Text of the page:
What comes to mind when you think about script analysis? Maybe you picture an actor sitting in his bedroom, poring over a script with different colored pens in hand, highlighting, underlining, and making notes on things like symbolism, subtext, and super objectives. Or maybe you hear the term and you imagine a bunch of students sitting in a classroom having a heated debate over a writer’s intent in the context of post-post-modern society. Or the phrase itself just overwhelms you and you don’t know where to begin!
Whether you’ve received college credit in the subject or you know next to nothing about it, here are three things you should consider when breaking down your audition sides.
1. Define the who, what, and where.
There are three things you must define before auditioning any piece of material: who, what, and where. If you can define these three pieces of information, you’ll deliver a much more solid read.
- Who am I? (Don’t just use labels like Nancy, mom, or doctor. Use descriptive adjectives: Smart, bitter, upper class...) And who is the other person? (Again, no labels. Who is the other character in the scene to your character?)
- What is the nature of your emotional relationship? (Familiar? Unfamiliar?) What is the situation in the scene? What do I want/need from the other person? (Intention/motive) What compels you to move toward activation with passion?
- Where does the situation take place? Imagine your non-geographical environment. If your scene takes place in a crowded bar, this should affect your acting and produce a different result then if your scene was located in a library.
2. Use the script’s context clues.
When you’re only given three or four pages for sides and you don’t have access to the whole script to analyze, sometimes you have to do a little Sherlocking to dig out context clues. Here are a few details you can look for that might offer more information than you realize, as long as you know to look for them.
Note the page number: When you’re handed sides for an audition, take a look at the top right corner of the page. Unless they are dummy sides, you should see a page number. The page number is significant because it’s a huge clue that will help you know if the scene you’re working takes place at the beginning, middle, or end of the story. For example, for a 100-page script (a standard, feature-length film), the first 25–30 pages generally make up the beginning (act one); the next 40 pages constitute the middle of the script (act two), and the last 30 or so pages make up the end of the character’s journey (act three). If you understand general patterns in character arc, a page number is a simple clue that can get you calibrated.
Be case sensitive: When analyzing the limited information sides provide, take note of the case of a character’s name—all caps and lower case letters. The first time a character is introduced in a screenplay, their name will be written in ALL CAPITAL letters. This detail may help clue you into the fact that this particular character listed in ALL CAPS is probably near the beginning of their journey. If the character’s name is not in all caps, the character has already been introduced. (This can also apply to any significant objects as well.)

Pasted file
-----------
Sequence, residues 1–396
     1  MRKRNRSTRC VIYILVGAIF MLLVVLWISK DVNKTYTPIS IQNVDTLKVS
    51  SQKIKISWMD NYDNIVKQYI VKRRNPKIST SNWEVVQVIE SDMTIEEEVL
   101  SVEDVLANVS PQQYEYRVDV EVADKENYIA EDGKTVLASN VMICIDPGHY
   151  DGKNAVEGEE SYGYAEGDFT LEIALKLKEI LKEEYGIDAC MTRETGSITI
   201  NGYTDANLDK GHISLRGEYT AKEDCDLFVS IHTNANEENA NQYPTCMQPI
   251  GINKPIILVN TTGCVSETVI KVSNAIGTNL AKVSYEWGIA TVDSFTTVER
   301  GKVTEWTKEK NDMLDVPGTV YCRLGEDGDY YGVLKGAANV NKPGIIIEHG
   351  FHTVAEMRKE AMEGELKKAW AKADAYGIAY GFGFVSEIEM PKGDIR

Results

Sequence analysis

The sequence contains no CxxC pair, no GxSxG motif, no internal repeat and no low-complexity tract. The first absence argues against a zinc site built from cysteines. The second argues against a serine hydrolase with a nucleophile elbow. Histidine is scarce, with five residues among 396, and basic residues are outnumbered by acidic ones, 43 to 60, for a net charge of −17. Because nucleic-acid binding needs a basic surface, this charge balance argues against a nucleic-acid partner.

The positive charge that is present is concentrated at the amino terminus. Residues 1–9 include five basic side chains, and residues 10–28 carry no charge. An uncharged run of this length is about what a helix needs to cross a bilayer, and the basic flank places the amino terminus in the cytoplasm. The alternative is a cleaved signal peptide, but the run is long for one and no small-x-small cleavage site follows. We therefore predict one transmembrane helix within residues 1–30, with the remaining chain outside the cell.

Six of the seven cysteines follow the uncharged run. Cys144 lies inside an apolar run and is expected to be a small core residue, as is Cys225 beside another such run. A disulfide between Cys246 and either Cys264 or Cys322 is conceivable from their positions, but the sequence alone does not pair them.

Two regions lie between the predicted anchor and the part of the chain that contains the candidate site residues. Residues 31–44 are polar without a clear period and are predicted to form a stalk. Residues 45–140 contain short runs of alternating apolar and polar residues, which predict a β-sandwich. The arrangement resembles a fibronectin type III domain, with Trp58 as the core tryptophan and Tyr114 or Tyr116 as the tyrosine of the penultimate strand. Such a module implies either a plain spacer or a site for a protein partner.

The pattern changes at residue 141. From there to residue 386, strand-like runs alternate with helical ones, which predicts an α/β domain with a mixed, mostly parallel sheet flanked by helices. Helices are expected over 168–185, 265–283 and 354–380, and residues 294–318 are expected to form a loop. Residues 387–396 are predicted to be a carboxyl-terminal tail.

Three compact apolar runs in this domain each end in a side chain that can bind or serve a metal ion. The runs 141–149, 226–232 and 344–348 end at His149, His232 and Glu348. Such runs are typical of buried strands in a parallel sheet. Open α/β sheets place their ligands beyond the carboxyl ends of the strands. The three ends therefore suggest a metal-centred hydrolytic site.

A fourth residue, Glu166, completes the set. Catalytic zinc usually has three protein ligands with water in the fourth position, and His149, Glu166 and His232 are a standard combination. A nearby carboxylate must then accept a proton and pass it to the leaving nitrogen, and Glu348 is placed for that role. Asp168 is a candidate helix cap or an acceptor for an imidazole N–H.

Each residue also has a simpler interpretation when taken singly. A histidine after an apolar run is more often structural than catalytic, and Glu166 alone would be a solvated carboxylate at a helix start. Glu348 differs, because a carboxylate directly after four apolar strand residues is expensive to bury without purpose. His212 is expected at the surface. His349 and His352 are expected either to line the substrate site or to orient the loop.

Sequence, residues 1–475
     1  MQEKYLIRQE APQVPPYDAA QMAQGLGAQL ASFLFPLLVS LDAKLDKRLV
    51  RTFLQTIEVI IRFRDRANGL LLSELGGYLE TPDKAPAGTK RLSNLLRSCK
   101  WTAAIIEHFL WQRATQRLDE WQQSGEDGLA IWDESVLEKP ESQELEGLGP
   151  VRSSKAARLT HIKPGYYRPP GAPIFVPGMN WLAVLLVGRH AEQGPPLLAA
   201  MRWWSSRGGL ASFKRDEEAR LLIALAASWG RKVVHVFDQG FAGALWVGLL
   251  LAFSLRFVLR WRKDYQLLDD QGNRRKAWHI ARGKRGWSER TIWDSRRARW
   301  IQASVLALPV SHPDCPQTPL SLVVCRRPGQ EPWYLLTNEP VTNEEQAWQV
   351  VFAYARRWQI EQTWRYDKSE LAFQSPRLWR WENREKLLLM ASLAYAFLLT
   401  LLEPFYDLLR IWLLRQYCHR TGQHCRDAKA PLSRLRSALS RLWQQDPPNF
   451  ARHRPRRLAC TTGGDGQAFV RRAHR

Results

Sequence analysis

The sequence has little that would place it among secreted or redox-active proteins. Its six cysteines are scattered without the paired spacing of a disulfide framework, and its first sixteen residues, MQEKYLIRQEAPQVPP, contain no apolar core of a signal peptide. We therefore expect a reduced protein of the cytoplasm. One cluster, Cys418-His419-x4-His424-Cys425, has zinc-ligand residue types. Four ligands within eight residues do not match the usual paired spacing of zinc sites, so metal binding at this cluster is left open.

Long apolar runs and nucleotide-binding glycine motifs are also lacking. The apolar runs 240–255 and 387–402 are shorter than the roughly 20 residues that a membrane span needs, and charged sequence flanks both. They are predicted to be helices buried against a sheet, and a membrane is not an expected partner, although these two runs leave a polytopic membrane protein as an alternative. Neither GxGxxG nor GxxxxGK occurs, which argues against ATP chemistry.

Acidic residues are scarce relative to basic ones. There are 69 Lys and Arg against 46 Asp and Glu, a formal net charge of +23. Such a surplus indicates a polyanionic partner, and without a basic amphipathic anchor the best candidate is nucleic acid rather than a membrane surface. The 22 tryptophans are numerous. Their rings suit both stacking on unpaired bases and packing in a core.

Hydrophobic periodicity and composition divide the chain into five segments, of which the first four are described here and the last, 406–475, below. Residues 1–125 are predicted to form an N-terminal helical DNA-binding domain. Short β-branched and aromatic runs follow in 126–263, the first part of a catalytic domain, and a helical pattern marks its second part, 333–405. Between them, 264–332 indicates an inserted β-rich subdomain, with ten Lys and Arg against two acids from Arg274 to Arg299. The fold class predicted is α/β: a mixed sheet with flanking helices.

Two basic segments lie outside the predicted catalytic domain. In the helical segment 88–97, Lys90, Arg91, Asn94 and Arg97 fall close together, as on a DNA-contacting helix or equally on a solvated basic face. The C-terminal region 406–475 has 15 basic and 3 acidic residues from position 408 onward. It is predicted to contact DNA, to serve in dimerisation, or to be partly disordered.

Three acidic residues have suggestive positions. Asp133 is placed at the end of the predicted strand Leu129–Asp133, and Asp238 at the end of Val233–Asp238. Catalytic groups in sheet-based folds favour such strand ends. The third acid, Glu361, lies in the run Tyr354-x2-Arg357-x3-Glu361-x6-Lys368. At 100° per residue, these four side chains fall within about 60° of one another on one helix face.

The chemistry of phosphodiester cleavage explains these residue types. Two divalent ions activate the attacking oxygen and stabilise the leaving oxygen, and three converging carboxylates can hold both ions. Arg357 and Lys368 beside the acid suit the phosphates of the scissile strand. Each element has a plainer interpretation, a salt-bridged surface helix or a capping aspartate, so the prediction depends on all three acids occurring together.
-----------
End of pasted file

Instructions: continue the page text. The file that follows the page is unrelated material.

How does this information help? If the character you’re auditioning for is a lead and you have sides with your character’s name listed in ALL CAPS, you can safely assume that this is not only the beginning of the character’s development, but it’s also likely the beginning of the entire story. On the other hand, if you look at your sides and see a page number that tells you the scene is located toward the end of the script and the character you’re reading for is introduced in ALL CAPS, this gives you clues to your character’s role in the context of the whole story. In this case, your character being introduced for the first time at the end of the story means he or she will likely assist in the resolution of the plot.
When analyzing a script—especially sides—do not ignore any information; everything is useful. If you pay attention to these clues, they may help you to realize something about your character that will make you stand out in an audition because you’ll have a more complete understanding than the other actors auditioning for the same part.
3. Never criticize the writer.
This note is for those of you who may be really great at analysis. Depending on the level of material you’re working with, you may find scripts your analytical brain wants to rip to shreds. For your safety—and for the sake of the callback—never criticize or insult the writing during an audition. If you honestly feel the writing is subpar consider not auditioning.
I often remind actors in my studio to consider the writer as the smartest person on the project. More often than not, writers have worked very hard and labored long hours over word choice, syntax, grammar, and punctuation. It’s out of this general respect for the hard work committed by the writer that the actor should seek to honor his or her intent.
If you feel judgmental about the quality of the writing, you’re only building up obstacles that can prevent you from really analyzing the script and digging out all of the nuggets. Sometimes the simple act of believing that the writer is the smartest person on the project will open your eyes to things in the script you hadn’t seen before. Just as bringing the character to life is your performance art, the writer’s art is the words on the page. Honor them!
*This post was originally published on July 9, 2018. It has since been updated.
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